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ASH presentation supports Antisoma's phase II trial in AML

LONDON, and , ATLANTA 10 December 2007 - Positive preclinical data supporting Antisoma's ongoing phase II trial of AS1411 in AML (acute myeloid leukaemia) were presented this weekend at the American Society of Hematology (ASH) meeting in Atlanta, Georgia. Researchers from the Medical University of South Carolina showed that AS1411 killed AML cells with high potency and associated this with down-regulation of the apoptosis-blocking protein Bcl-2. Apoptosis is the programmed cell death pathway that normally removes malfunctioning cells.

The target of AS1411 is nucleolin. In AML cells, one function of nucleolin is to stabilise the messenger RNA for Bcl-2. This ensures high levels of Bcl-2 protein are maintained, placing a block on apoptosis. AS1411 binds nucleolin, leaving less available to stabilise the Bcl-2 message. Bcl-2 message levels therefore fall, leading in turn to a fall in the level of Bcl-2 protein. With the block on apoptosis removed, the cancer cells die. This helps to explain the powerful effect of AS1411 on AML cells.

Bcl-2 has been implicated in the resistance of some cancers to chemotherapy. It is therefore a desirable cancer target, but one that has proved difficult to exploit. AS1411 has potential advantages over approaches based on interfering directly with Bcl-2. First, it acts indirectly via a cell-surface target, avoiding any difficulty in accessing Bcl-2-related targets inside the cell. Second, its effect on Bcl-2 is part of a broader action that also includes interference with other functions of nucleolin in the cancer cell.

Professor Daniel Fernandes, leader of the group behind the ASH presentation, said: "Bcl-2 is of fundamental importance to the survival and proliferation of various cancers, and it is very interesting to see the high sensitivity of AML cells to AS1411 correlated with the drug's effect on this pathway. This accords with our previous findings with AS1411 in breast cancer cells."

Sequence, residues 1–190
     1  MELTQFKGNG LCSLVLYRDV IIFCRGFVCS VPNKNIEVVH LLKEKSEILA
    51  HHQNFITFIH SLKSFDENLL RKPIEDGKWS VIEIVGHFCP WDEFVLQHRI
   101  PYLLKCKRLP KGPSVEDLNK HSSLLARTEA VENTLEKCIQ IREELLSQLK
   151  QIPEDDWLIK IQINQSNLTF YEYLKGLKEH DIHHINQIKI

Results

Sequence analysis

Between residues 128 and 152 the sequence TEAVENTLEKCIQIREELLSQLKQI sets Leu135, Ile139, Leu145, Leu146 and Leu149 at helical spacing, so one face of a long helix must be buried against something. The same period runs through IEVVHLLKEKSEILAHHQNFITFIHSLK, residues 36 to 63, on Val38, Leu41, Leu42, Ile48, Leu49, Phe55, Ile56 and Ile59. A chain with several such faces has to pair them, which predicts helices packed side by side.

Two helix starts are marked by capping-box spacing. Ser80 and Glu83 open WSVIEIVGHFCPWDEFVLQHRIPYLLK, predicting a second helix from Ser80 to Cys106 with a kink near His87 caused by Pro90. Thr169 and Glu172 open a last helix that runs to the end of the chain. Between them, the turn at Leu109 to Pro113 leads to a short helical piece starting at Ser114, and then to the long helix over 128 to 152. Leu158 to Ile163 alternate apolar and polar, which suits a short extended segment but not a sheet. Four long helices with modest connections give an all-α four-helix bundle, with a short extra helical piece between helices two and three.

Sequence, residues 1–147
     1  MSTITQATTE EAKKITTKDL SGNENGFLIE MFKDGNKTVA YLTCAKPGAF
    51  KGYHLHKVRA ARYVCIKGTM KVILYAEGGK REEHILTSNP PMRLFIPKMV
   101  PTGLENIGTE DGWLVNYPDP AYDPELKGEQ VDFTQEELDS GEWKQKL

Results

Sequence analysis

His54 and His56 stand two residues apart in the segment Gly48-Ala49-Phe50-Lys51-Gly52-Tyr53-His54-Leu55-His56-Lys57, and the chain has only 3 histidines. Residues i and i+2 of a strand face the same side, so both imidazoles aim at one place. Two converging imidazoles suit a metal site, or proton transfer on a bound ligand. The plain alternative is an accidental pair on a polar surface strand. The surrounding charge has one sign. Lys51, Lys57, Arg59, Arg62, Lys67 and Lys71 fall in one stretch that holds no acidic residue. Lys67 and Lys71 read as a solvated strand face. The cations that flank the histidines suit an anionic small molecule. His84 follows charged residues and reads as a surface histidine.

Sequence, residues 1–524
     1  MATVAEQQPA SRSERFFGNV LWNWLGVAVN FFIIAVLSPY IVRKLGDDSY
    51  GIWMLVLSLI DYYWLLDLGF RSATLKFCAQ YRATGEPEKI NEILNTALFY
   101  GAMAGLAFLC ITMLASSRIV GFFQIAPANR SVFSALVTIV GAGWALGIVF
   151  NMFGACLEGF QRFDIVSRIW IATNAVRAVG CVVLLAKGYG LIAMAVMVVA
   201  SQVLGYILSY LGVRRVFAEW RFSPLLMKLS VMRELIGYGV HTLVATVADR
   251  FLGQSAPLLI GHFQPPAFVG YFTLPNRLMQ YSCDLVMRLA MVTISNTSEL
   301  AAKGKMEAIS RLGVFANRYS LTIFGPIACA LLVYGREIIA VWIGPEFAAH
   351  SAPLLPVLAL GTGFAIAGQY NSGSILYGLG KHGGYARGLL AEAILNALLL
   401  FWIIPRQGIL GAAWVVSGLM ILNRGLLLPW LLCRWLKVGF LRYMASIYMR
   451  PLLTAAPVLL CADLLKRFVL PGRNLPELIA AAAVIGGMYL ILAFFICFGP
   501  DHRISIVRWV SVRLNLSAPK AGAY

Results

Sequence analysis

Antisoma is conducting a randomised phase II trial of AS1411 in AML. This is evaluating the addition of AS1411 to standard therapy with cytarabine. A second phase II trial is planned in renal cancer, and plans for a third indication are being developed.

Glyn Edwards, Antisoma's CEO, said: "The ASH findings provide further support for the ongoing phase II trial of AS1411 in AML, which will report initial results in the first half of next year. The effect of AS1411 on Bcl-2 is of great interest, and is being taken into account as we select additional phase II indications for this very promising drug."

The poster presented at the ASH meeting is available on Antisoma's website at www.antisoma.com

Enquiries: Glyn Edwards, CEO Daniel Elger, Director of Communications +44 (0)7909 915 068 Antisoma plc

Mark Court/Lisa Baderoon/Rebecca Skye Dietrich +44 (0)20 7466 5000 Buchanan Communications

Brian Korb +1 646 378 2923 The Trout Group

Except for the historical information presented, certain matters discussed in this statement are forward looking statements that are subject to a number of risks and uncertainties that could cause actual results to differ materially from results, performance or achievements expressed or implied by such statements. These risks and uncertainties may be associated with product discovery and development, including statements regarding the company's clinical development programmes, the expected timing of clinical trials and regulatory filings. Such statements are based on management's current expectations, but actual results may differ materially.

Notes for Editors:

Background on AS1411 Aptamers are short pieces of DNA or RNA that can fold into stable, three-dimensional structures capable of interacting with particular target proteins. AS1411 is the first aptamer to be tested as a treatment for cancer. It binds to the protein nucleolin, which is found on the surface of cancer cells. It is then internalised and has been shown to kill cancer cells from a variety of cell lines. The drug has also shown anti-cancer effects in animal models and promising signs of anti-cancer activity in the clinic. AS1411 was originally developed by Dr Paula Bates, Dr John Trent and Prof. Donald Miller at the University of Alabama and then at the University of Louisville. Antisoma added AS1411 to its pipeline when it acquired the Louisville-based company Aptamera Inc. in February 2005.

Background on Antisoma Headquartered in London, UK, Antisoma is a biopharmaceutical company that develops novel products for the treatment of cancer. Antisoma fills its development pipeline by acquiring promising new product candidates from internationally recognised academic or cancer research institutions. Its core activity is the preclinical and clinical development of these drug candidates. Please visit www.antisoma.co.uk for further information about Antisoma.

Posted: December 2007

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